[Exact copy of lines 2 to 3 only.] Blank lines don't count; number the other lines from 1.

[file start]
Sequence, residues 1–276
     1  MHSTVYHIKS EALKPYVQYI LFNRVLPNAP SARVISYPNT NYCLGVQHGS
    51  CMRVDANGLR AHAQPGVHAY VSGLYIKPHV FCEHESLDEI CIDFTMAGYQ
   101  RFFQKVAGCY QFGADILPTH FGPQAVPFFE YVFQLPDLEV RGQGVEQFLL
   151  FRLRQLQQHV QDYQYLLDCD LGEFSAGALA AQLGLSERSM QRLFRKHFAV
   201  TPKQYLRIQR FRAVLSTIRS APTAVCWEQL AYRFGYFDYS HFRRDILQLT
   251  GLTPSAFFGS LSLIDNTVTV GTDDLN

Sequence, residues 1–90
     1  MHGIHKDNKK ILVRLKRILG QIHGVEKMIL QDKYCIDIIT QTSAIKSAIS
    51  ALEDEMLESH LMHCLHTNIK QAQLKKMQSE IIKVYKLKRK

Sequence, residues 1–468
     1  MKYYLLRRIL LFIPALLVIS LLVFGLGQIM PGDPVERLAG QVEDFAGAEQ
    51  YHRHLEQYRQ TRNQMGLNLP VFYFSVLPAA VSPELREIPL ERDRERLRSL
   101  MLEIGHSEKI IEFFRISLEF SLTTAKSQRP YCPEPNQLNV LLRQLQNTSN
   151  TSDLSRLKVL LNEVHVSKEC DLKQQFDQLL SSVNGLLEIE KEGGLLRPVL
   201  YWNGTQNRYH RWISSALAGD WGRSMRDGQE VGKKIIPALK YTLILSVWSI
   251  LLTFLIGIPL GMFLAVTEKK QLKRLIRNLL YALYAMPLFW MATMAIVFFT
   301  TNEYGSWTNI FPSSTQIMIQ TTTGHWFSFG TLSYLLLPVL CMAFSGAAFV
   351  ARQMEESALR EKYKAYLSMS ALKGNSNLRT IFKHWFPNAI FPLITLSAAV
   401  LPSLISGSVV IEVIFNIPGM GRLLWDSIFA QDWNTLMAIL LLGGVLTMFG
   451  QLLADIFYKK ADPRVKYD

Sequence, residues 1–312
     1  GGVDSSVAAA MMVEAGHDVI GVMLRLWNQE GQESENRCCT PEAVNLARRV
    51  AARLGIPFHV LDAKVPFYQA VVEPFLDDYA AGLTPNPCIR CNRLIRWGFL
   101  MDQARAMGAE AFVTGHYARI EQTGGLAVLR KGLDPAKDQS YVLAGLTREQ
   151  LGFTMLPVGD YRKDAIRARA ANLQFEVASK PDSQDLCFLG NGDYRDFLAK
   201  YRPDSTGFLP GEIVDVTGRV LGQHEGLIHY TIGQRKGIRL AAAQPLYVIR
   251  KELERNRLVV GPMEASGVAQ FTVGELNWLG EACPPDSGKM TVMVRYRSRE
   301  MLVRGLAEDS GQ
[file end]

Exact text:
     1  MHSTVYHIKS EALKPYVQYI LFNRVLPNAP SARVISYPNT NYCLGVQHGS
    51  CMRVDANGLR AHAQPGVHAY VSGLYIKPHV FCEHESLDEI CIDFTMAGYQ